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Re: Proposals for 1.4 framework changes
- Subject: Re: Proposals for 1.4 framework changes
- From: Chris Travers <..hidden..>
- Date: Tue, 4 Oct 2011 17:11:18 -0700
On Tue, Oct 4, 2011 at 1:20 PM, Erik Huelsmann <..hidden..> wrote:
> Hi Chris,
> On Mon, Oct 3, 2011 at 10:01 PM, Chris Travers <..hidden..> wrote:
>> Hi all;
>> As I am going over it, it seems our reasons for avoiding Moose have
>> become less of an issue and now some of our dependencies depend on
>> Moose. Consequently I think I am going to recommend we start using it
>> for new code starting with 1.4. The original reasons involved lack of
>> support with mature versions on many distributions, and the fact that
>> it has a lot of dependencies. However, we now have dependencies that
>> depend on Moose, so I don't see a reason not to use it.
> We talked about Moose yesterday on IRC. Before then I didn't know
> Moose, but after looking at it, I really like what I see: since I'm
> from a Common Lisp background, it really makes sense to me. However,
> I'm not familiar enough with the problems you're trying to solve to
> understand if the cost of not using Moose outweighs any possible
> downsides of using Moose.
> In other words, even though I think Moose is great, I'm not sure how I
> should feel about using it in LSMB: if there's only a very small
> subset of functionalities we can't address with the current framework,
> but we can work around the real technical issues easily (but ugly)
> then does that warrant rewriting our existing code or -if we decide
> against that- to have multiple paradigms in our code - which could be
> our next level of spaghetti, if we aren't carefull.
>> The second set of framework changes I would propose for 1.4 involve
>> stored procedure argument semantics and support for these. For 1.4, I
>> would recommend going to:
>> arg_ as a prefix meaning an external argument not intrinsic to the
>> type being processed, and prop_* which would refer to the property
>> list of the object calling it. Thus we might see:
>> create or replace function get company__get(arg_id) returns company_ext as
>> The above would suggest we do not yet have a company we are pulling,
>> and therefore expect the argument to be supplied from input rather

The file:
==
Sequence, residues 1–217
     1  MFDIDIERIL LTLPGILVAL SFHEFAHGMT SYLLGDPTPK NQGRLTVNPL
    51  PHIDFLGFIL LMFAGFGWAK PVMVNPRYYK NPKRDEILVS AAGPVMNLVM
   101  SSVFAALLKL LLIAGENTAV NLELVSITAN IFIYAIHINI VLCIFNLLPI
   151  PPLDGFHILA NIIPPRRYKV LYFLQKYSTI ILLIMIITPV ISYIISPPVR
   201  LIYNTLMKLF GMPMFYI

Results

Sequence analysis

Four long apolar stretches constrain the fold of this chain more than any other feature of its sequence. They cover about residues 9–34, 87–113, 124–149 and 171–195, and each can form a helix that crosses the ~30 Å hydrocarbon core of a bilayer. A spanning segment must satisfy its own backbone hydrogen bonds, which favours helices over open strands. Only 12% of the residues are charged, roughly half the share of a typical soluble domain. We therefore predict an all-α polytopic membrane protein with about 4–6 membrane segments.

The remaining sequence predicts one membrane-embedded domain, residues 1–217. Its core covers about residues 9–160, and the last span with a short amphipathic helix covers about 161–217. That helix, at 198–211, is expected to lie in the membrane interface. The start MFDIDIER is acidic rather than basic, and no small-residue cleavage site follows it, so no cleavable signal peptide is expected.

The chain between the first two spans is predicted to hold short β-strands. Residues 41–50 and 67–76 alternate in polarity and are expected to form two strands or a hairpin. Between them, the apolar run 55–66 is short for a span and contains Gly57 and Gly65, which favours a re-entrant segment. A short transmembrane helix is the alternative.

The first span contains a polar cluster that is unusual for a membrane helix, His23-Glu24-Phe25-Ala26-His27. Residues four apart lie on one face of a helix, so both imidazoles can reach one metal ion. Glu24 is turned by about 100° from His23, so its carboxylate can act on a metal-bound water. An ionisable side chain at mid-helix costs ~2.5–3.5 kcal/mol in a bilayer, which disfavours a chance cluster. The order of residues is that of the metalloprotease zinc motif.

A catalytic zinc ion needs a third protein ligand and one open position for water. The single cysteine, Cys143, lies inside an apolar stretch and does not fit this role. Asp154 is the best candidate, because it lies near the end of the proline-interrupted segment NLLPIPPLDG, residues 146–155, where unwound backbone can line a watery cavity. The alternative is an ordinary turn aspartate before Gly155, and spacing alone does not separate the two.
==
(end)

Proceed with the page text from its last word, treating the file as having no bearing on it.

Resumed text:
>> than from an object.
>> CREATE OR REPLACE FUNCTION asset_report__approve(prop_id) RETURNS
>> asset_report as...
>> This would indicate we currently expect that we have an asset report
>> we are just trying to approve, and therefore would assume we grab the
>> id from that object.
> Discussing this change with you on gChat, I can definitely see the
> value of this change: it'll allow us to write our code in a much
> clearer way: we won't have to get the low-level db interfacing in our
>> I think we'd have to check for in_ on the front of the first argument
>> and handle the current way in order to avoid bugs in our code......
>> Additionally, and this becomes a bigger deal for financial
>> transactions, is I would like to set up arguments so we can handle
>> arrays of hashrefs in properties or arguments and translate these
>> correctly into arrays of tuples in the database interface.
>> CREATE OR REPLACE FUNCTION journal_entry__save(prop_reference text,
>> prop_description text, prop_post_date date, prop_lines
>> These are actually pretty easy to query (select sum(amount) = 0 as
>> balanced from unnest(prop_lines) l)
> I'm afraid I'm missing the purpose of this bit of design. If the idea
> is to have an array of hashes as the argument to the function (which
> could be the return value of a query) being turned into a list of
> arrays, based on the parameter names, then that sounds definitely like
> an extremely useful extension of the 'get from object' paradigm. This
> does not work for 'out_' parameters though, does it?
Right now we can pass complex arguments in using two methods:
cross-index arrays (as in the single payment interface) or 2d arrays
(like in the bulk payment interface). Both these have significant
drawbacks in terms of code clarity and type checking. Moreover it is
not very self-documenting in terms of relationships between items and
types of input expected.
This makes it really easy to query inputs to ensure that GL
transactions are balanced. And the number of procedures which are
affected are small (2) and these will probably need to be rewritten
>> This would allow all journal lines to be passed in at once, allowing
>> us to check for imbalanced transactions before one is posted.
>> On the latter, DBD::Pg should do most of the heavy lifting for us if I
>> understand correctly.
>> Any feedback?
> Anything that makes us programmers more effective until we hit
> performance problems.
> My only concern so far is that we shouldn't be introducing too many
> different paradigms in our code: it should still be clear to the
> casual contributor which style he or she should write their code in.
> Having too many different styles is going to confuse us as well, when
> we have to debug across several levels of 'code age'.
I think right now, we are in a little bit of a transitional stage. I
would like to try to get things by 1.4 or 1.5 into a fairly stabilized
set of code paradigms, but 1.3 isn't it. We were so entangled with
old code in 1.2 and the development of 1.3, I figure it should take 2
or 3 (but no more!) releases (including 1.3) to stabilize how we do